All of which brings us to bucatini all’amatriciana, arguably the dish more than any other that’s been a crucible of forging such friendships in Catholic circles through the centuries, in part because so many movers and shakers in the Church pass through Rome at one point or another.

A pasta dish, amatriciana is a classic of the Roman kitchen. It’s named for Amatrice, a small town about 60 miles away that’s the birthplace of the dish. It’s composed of a special cut of pork known as guanciale, taken from the cheek of the pig, along with tomato sauce and pecorino cheese. Purists from Amatrice insist that’s all that should ever go into amatriciana, though in the city of Rome, where more “catholic” tastes prevail, it’s common to find onion and garlic used as well.

Typically the amatriciana sauce is served with bucatini noodles, which are longer thick noodles with holes, or buchi, in the middle, hence the name. (The idea is that the sauce penetrates the middle of the noddle, providing a more flavorful experience.)

Beginning in the 18th century, cooks from Amatrice enjoyed the privilege of serving as the cooks of the pontifical household, which meant that amatriciana became a staple of the diet of popes, cardinals and their retinues, and, by extension, pretty much anyone moving in or around the Vatican. As a result, the number of decisions about the Catholic church taken over amatriciana likely is beyond even NASA’s ability to compute.

Properly prepared, Amatriciana is infallibly delicious, meaning people who share it are generally content. It’s supposed to be accompanied by a good wine (Frascati Superiore is especially recommended) and served as part of a larger menu, often including a light appetizer beforehand and a meat or fish dish afterwards. Such an experience guarantees you’ll be at the table for a while, allowing for conversation without frenzy.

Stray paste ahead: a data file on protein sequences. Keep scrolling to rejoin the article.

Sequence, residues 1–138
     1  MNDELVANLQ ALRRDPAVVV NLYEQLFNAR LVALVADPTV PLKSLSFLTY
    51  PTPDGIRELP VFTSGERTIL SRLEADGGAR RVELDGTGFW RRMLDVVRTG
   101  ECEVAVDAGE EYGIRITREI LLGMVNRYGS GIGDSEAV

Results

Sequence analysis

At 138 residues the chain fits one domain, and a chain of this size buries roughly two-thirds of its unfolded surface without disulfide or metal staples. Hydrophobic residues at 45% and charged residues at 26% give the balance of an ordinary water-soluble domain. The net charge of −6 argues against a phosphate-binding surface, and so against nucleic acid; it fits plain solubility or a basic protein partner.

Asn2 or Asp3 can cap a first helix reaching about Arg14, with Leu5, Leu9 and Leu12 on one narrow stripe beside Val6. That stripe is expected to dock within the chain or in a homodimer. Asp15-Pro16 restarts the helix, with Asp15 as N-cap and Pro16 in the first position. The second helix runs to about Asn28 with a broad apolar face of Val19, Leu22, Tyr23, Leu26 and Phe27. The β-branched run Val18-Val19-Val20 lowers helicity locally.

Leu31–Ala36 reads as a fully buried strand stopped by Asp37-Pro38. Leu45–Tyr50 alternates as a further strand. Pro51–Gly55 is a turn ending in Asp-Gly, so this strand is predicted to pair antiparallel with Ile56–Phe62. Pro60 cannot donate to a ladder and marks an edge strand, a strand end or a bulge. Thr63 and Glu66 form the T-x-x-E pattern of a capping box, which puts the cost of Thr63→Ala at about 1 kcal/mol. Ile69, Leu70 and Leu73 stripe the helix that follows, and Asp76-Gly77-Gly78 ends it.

Obviously, there are other ways of getting to know people, but in my experience few have quite the same effect as sharing a good meal. As the supermarket in my Roman neighborhood puts it in the logo they display, “A knife and fork can change the world.”

In that light, maybe what the church needs to promote a healthier internal climate isn’t so much exhortation as invitation – specifically, invitations to meals where people from the different Catholic tribes can sit down and get a sense of what makes the other tick. Dioceses and parishes could, I suppose, organize such get-togethers, though officialdom rarely makes a sparkling host. If such a practice is to take hold, it’s more likely to be bottom-up, meaning individual Catholics seizing the initiative.

As a special, one-time limited offer, I’ll even pass along my own personal recipe for amatriciana for anyone who wants to put such a meal together. The effort may or may not change the church, but if nothing else, I promise your stomach will applaud.

Follow John Allen on Twitter: @JohnLAllenJr